South Dakota Attorney General Jason Ravnsborg will not face felony charges after he fatally struck a pedestrian while driving on a highway in September, prosecutors announced on Thursday.
Emily Sovell, the deputy state’s attorney for Hyde County, said during a press conference that Ravnsborg has been charged with three misdemeanors instead: careless driving, driving outside his lane and using a mobile device while operating a motor vehicle.
The announcement came five months after Ravnsborg hit 55-year-old Joe Boever with his vehicle as Boever was walking on the shoulder of the highway at night. The pedestrian died at the scene, though Ravnsborg, who was unharmed, claimed he did not realize he had struck a person until the morning after the crash.
Sovell described the probe into the incident as “extraordinarily thorough.”
Beadle County State’s Attorney Michael Moore, who assisted Sovell with the investigation, told a reporter that he didn’t “feel good” about the light charges “but it’s the right decision,” according to the Associated Press.
The circumstances of the collision were shrouded in mystery from the jump and only got more confusing as details emerged.
On September 13, South Dakota Gov. Kristi Noem (R) gave a press conference announcing that Ravnsborg had been involved in a car accident where there had been a “fatality.” She did not offer any more information, and neither did the attorney general.
A day later, Ravnsborg issued a statement giving what he called a “full and factual account” of the accident. The official claimed that on his way back from a Republican fundraising event in Redfield, South Dakota at around 10:30 p.m., he struck something on the highway but did not see what it was. Ravnsborg said he searched around his vehicle in the dark but “saw nothing to indicate what I had hit,” even when he used his cell phone as a flashlight to check the ditch.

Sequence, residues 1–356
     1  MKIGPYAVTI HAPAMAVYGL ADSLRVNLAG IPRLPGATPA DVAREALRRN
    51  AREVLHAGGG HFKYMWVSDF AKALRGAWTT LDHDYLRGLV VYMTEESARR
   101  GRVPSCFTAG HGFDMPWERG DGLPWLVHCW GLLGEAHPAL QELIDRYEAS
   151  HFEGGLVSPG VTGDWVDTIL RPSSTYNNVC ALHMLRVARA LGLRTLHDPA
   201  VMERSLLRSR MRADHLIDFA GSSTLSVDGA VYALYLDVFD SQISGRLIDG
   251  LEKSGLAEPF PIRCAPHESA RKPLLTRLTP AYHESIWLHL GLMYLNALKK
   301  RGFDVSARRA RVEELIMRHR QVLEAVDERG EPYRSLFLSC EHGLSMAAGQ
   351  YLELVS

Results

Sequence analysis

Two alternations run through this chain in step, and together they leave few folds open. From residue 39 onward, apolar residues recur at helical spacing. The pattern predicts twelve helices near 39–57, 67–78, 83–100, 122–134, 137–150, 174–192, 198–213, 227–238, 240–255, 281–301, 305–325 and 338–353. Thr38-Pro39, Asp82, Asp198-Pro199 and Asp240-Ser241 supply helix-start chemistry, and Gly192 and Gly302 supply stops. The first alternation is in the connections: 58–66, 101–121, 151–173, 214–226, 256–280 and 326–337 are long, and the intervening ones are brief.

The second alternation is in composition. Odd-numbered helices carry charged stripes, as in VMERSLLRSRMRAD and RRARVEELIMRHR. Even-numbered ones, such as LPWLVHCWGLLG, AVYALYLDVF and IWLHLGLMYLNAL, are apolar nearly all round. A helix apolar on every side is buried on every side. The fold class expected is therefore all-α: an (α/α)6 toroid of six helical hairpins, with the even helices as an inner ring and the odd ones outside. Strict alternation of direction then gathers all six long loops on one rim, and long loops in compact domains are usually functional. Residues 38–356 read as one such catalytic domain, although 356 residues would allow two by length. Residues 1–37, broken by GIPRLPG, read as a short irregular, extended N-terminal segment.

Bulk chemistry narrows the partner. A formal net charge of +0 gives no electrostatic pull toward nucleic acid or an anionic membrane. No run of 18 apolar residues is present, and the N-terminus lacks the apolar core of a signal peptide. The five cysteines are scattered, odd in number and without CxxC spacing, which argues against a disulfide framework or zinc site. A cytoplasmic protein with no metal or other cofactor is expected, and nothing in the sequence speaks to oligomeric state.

Hyde County Sheriff Mike Volek arrived at the site of the crash and didn’t find anything either after Ravnsborg called 911, according to the official.
“At no time did either of us suspect that I had been involved in an accident with a person,” Ravnsborg said.
Ravnsborg did not discover Boever’s body until he checked the scene again the next morning after seeing debris from his car on the road, the attorney general claimed in his statement.
Ravnsborg told the 911 dispatcher that he had “no idea” what he had hit, according to a recording of the call.
Blood toxicology tests, which were taken more than 12 hours after the collision, showed Ravnsborg did not have drugs or alcohol in his system.
In November, South Dakota Secretary of Public Safety Craig Price told the press that the ongoing investigation indicated that Ravnsborg was distracted when he hit Boever. Price declined to elaborate.